Perrine next argues that, in any event, the government violated the ECPA and the Pennsylvania law by failing to present “specific and articulable” facts in support of its applications for court orders requiring Yahoo! and Cox to reveal Perrine's IP address and name, and that the government therefore used illegally obtained information in support of its search warrants. We disagree. As Perrine notes, the “specific and articulable facts” standard derives from the Supreme Court's decision in Terry. Thus, we are familiar with the standard imposed.
Perrine argues the government's affidavit in support of its application for an order failed to provide specific and articulable facts because it did not attach a copy of the “chat” between “stevedragonslayer” and Vanlandingham; it did not contain anything specifically indicating that Vanlandingham was a truthful and reliable person; and it failed to show that “stevedragonslayer” was logged on to Yahoo! on the date of the crime, September 2, 2005, at 2 p.m. The affidavit attached to the October 14, 2005, application for a disclosure order for Yahoo! stated as follows:
Officer Humbert received information from Leetsdale Police Officer Wayne Drish indicating that a resident of his jurisdiction had received what appeared to be child pornography via his computer while in a Yahoo! Inc messaging chat room.
Officer Humbert interviewed the resident, James Vanlandingham, and learned that he was logged into Yahoo Messaging Chat on September 2, 2005 at approximately 2:00 PM EDT. He received a message from an individual logged in Yahoo Messaging Chat as “stevedragonslayer.” This individual invited James Vanlandingham to view his web cam. When James Vanlandingham viewed the cam he was presented with images of a young female he describes as between 6 and 9 years of age performing oral sex on an adult male, images of a young female he describes as between 6 and 9 years of age having oral sex performed on her by an adult female and images of two young females he describes as between 6 and 9 years of age walking around in a bathroom unclothed. James Vanlandingham immediately reported the incident to law enforcement. I did view that chat log of this session between James Vanlandingham and “stevedragonslayer.”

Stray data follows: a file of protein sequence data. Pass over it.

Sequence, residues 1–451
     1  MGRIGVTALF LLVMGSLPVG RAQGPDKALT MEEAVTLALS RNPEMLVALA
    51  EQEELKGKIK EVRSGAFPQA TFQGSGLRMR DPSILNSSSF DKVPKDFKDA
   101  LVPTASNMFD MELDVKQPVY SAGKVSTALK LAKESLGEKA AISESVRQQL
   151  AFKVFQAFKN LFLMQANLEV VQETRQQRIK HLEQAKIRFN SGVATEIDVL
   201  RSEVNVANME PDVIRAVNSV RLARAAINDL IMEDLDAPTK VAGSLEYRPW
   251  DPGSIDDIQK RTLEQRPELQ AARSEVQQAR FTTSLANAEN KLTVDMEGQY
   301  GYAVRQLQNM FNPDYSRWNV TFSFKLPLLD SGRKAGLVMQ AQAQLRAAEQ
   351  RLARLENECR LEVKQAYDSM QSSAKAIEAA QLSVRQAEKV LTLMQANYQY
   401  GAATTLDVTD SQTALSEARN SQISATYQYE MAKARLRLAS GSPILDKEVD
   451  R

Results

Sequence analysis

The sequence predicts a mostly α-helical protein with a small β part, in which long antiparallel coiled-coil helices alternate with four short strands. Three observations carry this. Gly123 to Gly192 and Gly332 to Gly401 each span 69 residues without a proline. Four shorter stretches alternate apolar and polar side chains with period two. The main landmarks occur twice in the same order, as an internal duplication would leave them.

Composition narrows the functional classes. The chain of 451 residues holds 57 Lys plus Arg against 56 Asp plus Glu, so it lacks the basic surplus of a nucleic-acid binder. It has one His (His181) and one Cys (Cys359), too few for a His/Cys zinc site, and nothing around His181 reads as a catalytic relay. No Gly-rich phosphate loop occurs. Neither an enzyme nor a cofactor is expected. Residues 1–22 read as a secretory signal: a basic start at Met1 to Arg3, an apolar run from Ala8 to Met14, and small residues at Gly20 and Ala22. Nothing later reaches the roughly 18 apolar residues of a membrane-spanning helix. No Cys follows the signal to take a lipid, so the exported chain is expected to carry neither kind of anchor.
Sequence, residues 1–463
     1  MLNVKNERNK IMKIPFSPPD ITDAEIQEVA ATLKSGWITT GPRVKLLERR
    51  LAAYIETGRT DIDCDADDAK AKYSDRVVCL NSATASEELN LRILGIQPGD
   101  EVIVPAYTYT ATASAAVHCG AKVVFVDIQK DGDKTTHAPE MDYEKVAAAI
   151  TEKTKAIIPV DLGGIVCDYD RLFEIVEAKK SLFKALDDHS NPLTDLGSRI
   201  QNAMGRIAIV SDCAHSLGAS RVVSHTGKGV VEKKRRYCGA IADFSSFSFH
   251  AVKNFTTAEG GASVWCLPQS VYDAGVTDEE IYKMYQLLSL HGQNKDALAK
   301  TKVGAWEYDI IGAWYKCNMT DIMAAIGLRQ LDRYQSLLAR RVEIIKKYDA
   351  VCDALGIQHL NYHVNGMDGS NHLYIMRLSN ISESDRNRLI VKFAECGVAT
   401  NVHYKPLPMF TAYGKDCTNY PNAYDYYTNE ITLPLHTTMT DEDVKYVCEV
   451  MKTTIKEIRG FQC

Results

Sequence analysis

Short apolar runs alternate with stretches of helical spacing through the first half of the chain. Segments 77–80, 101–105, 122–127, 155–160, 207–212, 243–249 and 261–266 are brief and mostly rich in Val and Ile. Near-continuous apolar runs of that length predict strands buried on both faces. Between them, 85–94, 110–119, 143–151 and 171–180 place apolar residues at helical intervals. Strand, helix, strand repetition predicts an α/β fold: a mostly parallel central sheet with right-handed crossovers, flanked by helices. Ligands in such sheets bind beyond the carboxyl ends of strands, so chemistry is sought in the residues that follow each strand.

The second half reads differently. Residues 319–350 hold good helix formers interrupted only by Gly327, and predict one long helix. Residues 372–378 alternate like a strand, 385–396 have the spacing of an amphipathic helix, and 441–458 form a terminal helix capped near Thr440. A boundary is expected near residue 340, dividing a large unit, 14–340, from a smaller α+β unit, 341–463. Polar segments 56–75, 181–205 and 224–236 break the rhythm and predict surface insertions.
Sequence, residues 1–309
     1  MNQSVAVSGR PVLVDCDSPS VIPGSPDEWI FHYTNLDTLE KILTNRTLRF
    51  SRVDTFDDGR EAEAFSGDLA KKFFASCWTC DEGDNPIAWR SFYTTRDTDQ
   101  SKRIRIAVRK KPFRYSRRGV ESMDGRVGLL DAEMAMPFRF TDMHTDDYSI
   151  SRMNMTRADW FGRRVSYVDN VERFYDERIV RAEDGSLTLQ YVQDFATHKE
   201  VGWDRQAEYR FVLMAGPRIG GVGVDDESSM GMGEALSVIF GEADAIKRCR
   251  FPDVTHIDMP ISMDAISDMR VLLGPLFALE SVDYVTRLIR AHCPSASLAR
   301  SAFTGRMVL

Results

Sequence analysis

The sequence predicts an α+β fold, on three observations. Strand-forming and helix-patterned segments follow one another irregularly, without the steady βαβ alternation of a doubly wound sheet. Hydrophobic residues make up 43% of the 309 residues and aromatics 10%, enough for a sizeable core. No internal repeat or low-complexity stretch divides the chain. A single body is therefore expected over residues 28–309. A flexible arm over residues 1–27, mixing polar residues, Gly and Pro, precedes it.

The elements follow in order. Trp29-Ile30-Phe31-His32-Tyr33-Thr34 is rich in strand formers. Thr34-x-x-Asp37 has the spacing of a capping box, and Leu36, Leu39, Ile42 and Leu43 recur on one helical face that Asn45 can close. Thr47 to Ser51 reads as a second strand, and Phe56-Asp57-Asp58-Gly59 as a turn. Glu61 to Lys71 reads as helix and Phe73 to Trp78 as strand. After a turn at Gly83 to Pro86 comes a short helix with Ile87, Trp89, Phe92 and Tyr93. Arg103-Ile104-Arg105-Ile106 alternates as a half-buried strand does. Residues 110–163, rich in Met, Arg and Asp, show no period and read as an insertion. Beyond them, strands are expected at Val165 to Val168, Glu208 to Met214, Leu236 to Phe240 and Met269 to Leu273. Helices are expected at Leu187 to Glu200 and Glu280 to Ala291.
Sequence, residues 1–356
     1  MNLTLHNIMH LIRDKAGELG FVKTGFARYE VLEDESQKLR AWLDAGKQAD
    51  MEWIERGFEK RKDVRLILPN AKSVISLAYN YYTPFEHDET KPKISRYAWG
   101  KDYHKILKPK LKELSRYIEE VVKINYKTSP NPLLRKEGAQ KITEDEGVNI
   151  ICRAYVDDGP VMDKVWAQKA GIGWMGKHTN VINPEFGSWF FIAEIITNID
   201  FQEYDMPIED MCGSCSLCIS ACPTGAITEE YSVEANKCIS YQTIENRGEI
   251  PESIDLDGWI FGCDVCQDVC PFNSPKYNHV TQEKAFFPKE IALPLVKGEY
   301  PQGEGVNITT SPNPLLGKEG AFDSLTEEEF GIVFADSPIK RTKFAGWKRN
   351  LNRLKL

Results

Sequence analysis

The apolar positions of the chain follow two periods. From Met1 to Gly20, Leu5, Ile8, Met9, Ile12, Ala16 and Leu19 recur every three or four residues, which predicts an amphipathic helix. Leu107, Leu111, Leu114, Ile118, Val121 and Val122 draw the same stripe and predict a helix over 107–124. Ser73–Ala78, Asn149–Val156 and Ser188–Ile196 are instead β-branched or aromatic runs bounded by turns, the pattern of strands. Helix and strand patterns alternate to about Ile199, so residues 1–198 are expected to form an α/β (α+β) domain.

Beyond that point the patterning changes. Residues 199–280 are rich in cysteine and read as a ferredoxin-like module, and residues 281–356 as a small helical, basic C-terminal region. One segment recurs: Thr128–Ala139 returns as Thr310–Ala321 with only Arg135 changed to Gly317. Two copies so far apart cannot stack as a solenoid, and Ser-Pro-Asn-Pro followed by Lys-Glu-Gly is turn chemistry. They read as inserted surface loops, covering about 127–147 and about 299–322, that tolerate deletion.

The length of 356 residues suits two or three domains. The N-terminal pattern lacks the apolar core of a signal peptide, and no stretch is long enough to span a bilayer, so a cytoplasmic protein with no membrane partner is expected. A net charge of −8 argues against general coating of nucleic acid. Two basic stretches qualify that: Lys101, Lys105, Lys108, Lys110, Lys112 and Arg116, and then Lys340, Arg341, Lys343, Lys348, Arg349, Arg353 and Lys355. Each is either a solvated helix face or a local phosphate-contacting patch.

Appellant's App. at 72, attach. D. The affidavit attached to the December 8, 2005, application for a disclosure order for Cox recited the same information as above, and added at the bottom:
On 11/22/05 I received a response from Yahoo! Inc. which provided the IP login address of 22.214.171.124 for the screenname “stevedragonslayer” on 10/09/05, 10/22/05, 10/29/05, 10/30/05, 11/01/05, and 11/06/05.
Appellant's App. at 83: attach. E.
The statutory standard requires that “the governmental entity offers specific and articulable facts showing that there are reasonable grounds to believe that the ․ records or other information sought, are relevant and material to an ongoing criminal investigation.” 18 U.S.C. § 2703(d). The affidavits above satisfy that standard. There is no reason to doubt Vanlandingham's account of what happened; indeed, he immediately contacted the police, which suggests he was simply a concerned citizen. Further, the officer stated that he had personally read the chat log between Vanlandingham and “stevedragonslayer.” The details provided are specific and certainly would lead to a reasonable suspicion that “stevedragonslayer” was involved in child pornography.
Perrine also alleges that the application for the order was deficient because it failed to show that “stevedragonslayer” was on line with Vanlandingham on September 2, 2005, at 2 PM. The district court dismissed this as “of no moment” because Yahoo!'s logs simply did not go back that far. As indicated above, Yahoo! employee Annie Cheung testified that Yahoo! tracks dates, times, and IP addresses for login attempts on a Yahoo! account and maintains that information for approximately thirty days. Both Cheung's testimony and the actual document turned over by Yahoo! to law enforcement pursuant to the court's order revealed that “stevedragonslayer” had IP addresses of both 126.96.36.199 and 188.8.131.52. Appellant's App. at 129-30. Yahoo!'s records also revealed that “stevedragonslayer” with IP address 184.108.40.206 had logged on to Yahoo! a number of times in October and November 2005.